The role of tetraspanin pretein CD63 in humna immunodeficiency virus type 1 infection and replication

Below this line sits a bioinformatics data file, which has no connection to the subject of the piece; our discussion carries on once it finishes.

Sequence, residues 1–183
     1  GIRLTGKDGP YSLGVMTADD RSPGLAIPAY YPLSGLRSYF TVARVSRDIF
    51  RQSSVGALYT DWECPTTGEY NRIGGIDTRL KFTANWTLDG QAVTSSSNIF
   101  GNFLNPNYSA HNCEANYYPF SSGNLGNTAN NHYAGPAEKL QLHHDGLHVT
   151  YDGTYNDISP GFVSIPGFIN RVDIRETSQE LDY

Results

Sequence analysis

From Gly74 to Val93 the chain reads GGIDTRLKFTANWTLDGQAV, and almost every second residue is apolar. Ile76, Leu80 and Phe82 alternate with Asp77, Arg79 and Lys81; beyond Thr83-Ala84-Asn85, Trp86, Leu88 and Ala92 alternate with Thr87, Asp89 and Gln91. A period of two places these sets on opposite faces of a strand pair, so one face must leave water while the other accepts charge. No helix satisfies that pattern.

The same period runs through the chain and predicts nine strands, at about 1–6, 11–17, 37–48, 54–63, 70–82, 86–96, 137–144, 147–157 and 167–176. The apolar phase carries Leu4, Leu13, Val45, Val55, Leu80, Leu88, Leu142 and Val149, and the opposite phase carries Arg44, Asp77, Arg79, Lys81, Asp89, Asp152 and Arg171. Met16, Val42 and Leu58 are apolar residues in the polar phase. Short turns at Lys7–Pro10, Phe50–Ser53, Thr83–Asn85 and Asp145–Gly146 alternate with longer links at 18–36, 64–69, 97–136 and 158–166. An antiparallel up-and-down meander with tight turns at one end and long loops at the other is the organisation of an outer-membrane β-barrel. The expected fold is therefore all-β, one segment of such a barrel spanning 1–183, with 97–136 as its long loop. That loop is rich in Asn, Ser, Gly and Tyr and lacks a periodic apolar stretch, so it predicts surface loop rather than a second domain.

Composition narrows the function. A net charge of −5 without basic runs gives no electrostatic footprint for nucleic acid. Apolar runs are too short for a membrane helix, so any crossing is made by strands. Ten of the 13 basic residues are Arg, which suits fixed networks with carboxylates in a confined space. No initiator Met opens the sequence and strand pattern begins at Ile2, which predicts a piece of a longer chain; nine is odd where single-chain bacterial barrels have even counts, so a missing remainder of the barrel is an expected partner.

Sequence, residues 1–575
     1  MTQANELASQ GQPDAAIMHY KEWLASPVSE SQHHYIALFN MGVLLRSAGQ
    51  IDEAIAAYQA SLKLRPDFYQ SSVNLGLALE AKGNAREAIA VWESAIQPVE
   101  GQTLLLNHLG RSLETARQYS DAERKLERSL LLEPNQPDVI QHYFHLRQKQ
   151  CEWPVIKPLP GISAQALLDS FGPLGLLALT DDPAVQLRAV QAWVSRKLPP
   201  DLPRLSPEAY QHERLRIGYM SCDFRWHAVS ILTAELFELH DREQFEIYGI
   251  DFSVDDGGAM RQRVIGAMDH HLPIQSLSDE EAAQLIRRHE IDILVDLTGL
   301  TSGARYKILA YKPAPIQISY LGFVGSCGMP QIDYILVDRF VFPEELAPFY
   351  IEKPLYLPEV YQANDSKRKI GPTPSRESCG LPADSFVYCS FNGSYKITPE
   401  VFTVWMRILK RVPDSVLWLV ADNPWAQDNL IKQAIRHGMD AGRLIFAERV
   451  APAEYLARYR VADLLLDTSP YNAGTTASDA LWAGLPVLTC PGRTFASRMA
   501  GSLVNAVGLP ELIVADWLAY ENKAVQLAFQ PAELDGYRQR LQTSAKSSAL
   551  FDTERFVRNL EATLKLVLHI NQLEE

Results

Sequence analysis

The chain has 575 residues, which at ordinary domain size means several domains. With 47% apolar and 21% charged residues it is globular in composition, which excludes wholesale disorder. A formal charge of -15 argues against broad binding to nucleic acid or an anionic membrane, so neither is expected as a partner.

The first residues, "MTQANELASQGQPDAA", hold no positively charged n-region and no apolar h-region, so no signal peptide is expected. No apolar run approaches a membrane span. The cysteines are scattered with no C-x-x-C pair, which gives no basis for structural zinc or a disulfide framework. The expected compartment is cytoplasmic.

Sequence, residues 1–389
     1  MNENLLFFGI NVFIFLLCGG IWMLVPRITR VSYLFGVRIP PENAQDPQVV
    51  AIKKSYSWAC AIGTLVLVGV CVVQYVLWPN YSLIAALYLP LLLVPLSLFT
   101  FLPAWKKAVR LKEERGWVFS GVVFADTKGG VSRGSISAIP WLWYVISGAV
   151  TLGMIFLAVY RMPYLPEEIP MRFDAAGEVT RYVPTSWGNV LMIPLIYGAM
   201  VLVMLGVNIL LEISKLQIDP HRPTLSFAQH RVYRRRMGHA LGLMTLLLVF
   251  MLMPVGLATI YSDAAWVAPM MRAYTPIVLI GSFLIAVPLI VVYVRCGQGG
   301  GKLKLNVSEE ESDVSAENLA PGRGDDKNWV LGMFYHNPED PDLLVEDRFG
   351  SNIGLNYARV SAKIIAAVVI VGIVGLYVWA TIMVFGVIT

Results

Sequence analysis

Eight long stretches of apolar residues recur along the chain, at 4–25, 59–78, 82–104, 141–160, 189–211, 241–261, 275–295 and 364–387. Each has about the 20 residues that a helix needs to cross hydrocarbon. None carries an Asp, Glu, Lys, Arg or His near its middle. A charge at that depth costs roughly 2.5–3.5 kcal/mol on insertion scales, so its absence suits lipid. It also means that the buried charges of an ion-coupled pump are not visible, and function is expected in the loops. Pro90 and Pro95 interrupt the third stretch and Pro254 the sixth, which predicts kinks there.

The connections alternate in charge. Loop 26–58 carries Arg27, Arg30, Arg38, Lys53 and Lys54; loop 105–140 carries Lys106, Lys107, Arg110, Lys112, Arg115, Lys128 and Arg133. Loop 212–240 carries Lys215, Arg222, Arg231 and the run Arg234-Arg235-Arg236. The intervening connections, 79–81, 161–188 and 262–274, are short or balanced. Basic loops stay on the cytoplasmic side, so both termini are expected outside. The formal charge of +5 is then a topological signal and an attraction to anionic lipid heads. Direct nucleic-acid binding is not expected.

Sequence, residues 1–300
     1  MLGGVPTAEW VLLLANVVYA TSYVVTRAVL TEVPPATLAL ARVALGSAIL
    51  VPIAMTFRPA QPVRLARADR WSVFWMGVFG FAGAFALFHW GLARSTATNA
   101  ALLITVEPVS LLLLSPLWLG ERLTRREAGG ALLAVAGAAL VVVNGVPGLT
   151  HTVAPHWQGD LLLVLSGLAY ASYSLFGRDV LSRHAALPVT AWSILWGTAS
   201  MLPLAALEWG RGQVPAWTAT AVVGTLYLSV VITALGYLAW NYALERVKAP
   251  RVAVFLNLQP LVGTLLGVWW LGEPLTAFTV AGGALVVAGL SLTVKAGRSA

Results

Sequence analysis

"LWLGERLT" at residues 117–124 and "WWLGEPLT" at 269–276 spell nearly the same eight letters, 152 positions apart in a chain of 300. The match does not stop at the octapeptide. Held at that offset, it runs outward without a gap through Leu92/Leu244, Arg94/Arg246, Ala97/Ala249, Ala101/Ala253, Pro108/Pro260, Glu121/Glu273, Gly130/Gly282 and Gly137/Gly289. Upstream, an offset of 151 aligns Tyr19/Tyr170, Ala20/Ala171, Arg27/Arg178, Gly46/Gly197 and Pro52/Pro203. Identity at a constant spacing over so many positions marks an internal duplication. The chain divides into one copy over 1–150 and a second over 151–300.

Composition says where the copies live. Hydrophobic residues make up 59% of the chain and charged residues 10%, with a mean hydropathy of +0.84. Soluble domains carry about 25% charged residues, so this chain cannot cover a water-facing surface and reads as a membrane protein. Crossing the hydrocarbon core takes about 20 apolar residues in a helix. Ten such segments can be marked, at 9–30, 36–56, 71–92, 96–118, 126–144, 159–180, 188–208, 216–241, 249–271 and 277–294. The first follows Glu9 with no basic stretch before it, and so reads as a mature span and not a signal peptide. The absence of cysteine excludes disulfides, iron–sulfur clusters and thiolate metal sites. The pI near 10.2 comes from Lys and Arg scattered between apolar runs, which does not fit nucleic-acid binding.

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Human Immunodeficiency Virus (HIV) infection typically involves interaction of Env with CD4 and a chemokine coreceptor, either chemokine (C-C motif) receptor 5 (CCR5) or chemokine (C-X-C motif) receptor (CXCR4). Other cellular factors supporting HIV replication have recently been characterized. Previous works demonstrated a role for CD63 in early HIV infection events in macrophages via inhibition by pretreatment of an anti-CD63 antibody, which did not inhibit HIV replication in peripheral blood lymphocytes or in two CD4+ cell lines tested. To confirm the requirement for CD63 in HIV replication, CD63 expression in cells was decreased by RNA interference using short interfering RNAs (siRNA). Inhibition of HIV replication was demonstrated in macrophages following CD63-specific siRNA treatment. The inhibition effect was also shown when the anti-CD63 antibody treatment was delayed 12 hours after HIV infection, or by CD63 siRNA treatment 72 hours post infection, suggesting that late HIV replication events may also be affected. In U373-MAGI cells engineered to stably express either CCR5 or CXCR4, CD63-specific siRNA treatment resulted in over 90% reduction in CD63, which was associated with decreased HIV replication, even though these cells were refractory to HIV inhibition by the anti-CD63 antibody treatment. Using an R5/X4 HIV-89.6, CD63 downregulation was shown to decrease HIV replication in the U373-MAGI cells expressing either CCR5 or CXCR4. Although anti-CD63 antibody was previously shown to inhibit early HIV infection events only in macrophages, current progress shows a role for CD63 in HIV replication in CD4+ cell lines. Further delineation of the role of CD63 in HIV replication may lead to development of novel therapeutic compounds.